Artichokes for beauty
Even if you do not often eat them, I’ll bet you would like the way they add elegance to your garden spaces. The oh-so-interesting artichoke is simply a showstopper in full bloom. It will spread into a huge silvery green fountain-shaped vegetable. And you could try dipping those artichoke leaves into some butter and then eating that tender artichoke heart. The artichoke is a goldmine of rich, earthy, hearty flavor.
According to the Texas Agri-Life Extension Service, the artichoke has been cultivated and enjoyed since the time of the Romans. It is a nutritious vegetable and a beautiful landscape plant. Plants can reach 3 feet in height and width and the flower can be 7 inches in diameter if you let them bloom.
Artichokes (members of the thistle family) are perennials in warm climates and need the best soil possible. Manure, compost and other organic matter are great for mixing into the soil before you plant. The artichoke, or Cynera scolymus, can be grown almost everywhere in the United States. They want cool and moist and mild temperatures, so are best grown here in early spring or fall. The lucky folks in the Artichoke Zone in California harvest artichokes all year and often get 30 artichokes per year, per plant.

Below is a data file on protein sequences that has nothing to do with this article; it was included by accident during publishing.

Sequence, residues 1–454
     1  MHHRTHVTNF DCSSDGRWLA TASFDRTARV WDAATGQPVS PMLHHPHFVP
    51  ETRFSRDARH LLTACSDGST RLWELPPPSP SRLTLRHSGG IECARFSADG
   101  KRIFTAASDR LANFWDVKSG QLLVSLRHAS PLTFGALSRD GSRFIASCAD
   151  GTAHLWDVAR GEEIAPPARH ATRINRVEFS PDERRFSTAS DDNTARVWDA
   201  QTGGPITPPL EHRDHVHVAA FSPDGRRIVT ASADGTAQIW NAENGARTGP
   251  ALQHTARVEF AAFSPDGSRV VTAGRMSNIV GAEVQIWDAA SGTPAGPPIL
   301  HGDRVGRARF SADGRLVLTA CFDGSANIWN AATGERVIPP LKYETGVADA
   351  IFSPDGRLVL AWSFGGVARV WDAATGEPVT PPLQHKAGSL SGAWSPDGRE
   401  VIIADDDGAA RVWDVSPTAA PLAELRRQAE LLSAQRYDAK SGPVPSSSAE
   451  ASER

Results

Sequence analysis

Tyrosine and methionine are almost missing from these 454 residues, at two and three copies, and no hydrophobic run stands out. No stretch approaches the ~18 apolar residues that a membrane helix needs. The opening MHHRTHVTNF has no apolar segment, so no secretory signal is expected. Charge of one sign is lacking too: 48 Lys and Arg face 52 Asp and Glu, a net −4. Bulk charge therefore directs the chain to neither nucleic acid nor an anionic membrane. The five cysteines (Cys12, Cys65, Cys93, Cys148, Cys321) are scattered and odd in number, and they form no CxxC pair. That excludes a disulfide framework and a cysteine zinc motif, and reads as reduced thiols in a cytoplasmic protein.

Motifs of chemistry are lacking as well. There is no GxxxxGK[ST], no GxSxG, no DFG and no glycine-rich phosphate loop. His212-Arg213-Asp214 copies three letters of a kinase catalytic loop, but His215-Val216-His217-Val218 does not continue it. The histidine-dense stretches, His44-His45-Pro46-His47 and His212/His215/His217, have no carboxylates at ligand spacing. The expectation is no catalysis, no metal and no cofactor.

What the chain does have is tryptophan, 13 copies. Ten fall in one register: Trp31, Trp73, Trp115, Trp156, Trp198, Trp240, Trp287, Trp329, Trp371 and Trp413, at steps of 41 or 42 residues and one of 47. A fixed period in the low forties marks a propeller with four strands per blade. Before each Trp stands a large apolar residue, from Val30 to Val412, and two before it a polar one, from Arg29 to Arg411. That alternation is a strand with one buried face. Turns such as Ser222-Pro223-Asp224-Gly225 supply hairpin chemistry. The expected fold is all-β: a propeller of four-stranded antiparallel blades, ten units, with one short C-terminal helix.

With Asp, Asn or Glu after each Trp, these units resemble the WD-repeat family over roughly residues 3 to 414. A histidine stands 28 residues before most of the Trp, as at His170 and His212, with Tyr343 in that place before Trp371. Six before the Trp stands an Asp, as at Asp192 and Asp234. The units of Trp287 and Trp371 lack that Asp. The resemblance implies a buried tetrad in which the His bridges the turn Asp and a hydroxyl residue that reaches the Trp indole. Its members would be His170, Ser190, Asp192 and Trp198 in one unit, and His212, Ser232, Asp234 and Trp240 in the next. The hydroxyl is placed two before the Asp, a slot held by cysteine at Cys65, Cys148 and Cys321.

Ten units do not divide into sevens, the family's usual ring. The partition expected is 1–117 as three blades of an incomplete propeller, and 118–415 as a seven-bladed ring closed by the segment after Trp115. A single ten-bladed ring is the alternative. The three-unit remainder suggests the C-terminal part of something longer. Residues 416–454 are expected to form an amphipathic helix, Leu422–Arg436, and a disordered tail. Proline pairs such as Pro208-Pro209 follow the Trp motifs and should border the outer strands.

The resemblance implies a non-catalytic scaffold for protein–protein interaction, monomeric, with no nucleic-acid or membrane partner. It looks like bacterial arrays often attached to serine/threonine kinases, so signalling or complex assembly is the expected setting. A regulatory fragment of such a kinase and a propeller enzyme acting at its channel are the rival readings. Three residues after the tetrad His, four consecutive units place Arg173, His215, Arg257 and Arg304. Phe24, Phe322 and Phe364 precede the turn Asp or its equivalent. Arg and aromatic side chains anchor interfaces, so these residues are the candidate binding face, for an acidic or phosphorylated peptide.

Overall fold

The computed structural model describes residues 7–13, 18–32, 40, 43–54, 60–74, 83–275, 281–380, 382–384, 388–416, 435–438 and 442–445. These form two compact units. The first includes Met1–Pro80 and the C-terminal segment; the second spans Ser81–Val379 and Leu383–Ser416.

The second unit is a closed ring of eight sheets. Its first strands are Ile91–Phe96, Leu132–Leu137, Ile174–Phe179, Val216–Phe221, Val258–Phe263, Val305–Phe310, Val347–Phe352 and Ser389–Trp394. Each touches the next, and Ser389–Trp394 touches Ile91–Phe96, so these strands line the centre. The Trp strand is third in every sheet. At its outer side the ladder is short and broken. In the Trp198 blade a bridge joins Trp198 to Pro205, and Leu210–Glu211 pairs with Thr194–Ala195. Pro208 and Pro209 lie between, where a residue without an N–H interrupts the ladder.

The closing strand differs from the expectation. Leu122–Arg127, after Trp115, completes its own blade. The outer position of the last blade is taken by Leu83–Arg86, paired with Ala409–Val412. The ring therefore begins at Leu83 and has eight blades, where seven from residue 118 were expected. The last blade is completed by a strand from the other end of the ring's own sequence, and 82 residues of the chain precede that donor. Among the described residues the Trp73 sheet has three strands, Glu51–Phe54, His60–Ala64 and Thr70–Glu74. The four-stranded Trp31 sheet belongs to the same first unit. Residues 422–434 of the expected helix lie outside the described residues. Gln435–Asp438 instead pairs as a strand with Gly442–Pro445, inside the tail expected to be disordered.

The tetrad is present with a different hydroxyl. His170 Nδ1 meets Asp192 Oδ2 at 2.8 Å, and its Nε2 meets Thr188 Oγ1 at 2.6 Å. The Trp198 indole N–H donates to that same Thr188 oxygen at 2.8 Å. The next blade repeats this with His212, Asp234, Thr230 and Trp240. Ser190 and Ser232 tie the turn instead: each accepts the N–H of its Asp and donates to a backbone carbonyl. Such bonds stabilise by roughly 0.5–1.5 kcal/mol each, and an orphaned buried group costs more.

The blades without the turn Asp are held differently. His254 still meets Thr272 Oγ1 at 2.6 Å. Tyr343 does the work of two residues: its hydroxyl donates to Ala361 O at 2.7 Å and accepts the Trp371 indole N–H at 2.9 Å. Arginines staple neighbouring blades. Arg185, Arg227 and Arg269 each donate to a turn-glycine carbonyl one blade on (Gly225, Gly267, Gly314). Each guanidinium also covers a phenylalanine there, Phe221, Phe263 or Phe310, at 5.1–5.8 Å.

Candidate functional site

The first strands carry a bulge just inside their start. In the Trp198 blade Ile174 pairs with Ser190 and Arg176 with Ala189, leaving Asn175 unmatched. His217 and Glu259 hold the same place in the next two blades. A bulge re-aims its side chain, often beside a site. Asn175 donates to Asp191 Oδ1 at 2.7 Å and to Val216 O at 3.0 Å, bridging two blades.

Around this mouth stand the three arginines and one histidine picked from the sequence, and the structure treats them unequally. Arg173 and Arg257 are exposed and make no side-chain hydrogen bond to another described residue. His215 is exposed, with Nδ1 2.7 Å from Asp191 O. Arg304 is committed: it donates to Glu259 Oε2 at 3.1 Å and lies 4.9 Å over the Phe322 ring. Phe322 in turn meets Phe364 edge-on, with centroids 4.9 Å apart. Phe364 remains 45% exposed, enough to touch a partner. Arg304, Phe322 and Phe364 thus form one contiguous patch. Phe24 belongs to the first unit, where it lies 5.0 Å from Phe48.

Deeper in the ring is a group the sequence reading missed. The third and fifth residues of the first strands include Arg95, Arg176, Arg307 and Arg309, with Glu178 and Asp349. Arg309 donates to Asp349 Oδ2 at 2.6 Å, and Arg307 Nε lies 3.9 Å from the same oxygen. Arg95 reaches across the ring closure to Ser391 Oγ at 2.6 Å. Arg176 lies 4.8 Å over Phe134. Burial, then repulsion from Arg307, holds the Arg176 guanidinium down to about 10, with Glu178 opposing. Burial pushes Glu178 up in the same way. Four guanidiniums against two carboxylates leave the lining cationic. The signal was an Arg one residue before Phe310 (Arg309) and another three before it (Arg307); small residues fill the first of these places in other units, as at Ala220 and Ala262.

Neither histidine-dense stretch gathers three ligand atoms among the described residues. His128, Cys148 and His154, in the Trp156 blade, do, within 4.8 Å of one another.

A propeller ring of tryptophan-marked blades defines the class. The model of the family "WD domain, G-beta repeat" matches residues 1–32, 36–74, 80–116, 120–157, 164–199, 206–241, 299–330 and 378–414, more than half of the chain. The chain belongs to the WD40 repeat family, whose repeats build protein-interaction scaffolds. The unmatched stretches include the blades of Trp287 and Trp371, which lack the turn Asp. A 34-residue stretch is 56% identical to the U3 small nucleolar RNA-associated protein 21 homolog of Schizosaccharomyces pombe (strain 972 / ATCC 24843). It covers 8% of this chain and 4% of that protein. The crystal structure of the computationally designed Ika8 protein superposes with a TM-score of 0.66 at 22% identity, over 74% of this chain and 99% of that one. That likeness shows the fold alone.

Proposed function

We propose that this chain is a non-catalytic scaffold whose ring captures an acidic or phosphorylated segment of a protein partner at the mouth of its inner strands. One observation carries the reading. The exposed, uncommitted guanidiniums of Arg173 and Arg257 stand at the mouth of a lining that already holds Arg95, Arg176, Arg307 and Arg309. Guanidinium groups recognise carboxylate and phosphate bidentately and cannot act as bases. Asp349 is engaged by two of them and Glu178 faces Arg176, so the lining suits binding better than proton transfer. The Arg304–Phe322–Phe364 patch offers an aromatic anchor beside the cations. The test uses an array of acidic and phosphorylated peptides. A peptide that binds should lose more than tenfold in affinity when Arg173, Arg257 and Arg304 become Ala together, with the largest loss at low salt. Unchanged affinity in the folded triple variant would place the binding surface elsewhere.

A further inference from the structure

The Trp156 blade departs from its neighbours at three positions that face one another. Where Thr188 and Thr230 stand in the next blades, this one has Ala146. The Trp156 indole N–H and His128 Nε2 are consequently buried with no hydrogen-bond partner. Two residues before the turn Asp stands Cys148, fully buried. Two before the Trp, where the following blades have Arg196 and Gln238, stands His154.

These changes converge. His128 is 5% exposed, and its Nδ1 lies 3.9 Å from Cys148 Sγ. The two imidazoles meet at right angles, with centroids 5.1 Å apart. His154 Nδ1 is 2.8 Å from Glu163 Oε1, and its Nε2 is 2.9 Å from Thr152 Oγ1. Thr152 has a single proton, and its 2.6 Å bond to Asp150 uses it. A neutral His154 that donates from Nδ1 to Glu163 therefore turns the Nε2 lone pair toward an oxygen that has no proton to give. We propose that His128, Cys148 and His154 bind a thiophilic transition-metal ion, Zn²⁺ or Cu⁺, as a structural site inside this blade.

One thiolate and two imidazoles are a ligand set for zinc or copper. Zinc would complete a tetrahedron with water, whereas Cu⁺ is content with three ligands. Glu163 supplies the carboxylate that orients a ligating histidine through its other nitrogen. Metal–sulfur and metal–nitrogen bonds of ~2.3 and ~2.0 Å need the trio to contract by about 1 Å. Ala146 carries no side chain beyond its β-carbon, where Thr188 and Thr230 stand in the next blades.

The bud, or immature flower, is the part of the artichoke that you harvest and eat. The edible part of the bud is the tender base of the leaves (or bracts), and the fleshy area where the flowers grow from. They don’t reproduce true from seed so look for root divisions, which are available online and at some better nurseries. Also, if you find a healthy existing artichoke plant, you can dig up the root and divide it into two or more parts and replant.
While growing, the artichokes “feed heavily” and need lots of extra nutrients. Apply fish emulsion or bone meal or other organic fertilizer regularly. Water extra well and keep the planting bed moist. Plan on your artichoke plant impressing you with its lovely size. They do need plenty of space to grow. Avoid planting them near tree roots. The artichoke has deep roots and needs room to spread.
Texas Agri-Life adds that several varieties of artichokes are best for Texas growers: Green Globe standard, Imperial Star, Harmony, Madrigal, Emerald, Grand Beurre, Talpiot and Purple Sicilian. If you want to try your hand at growing these lovely plants, please search “Agri-Life Extension Texas A&M Easy Gardening-Artichokes” for an in-depth primer. Such a pretty plant!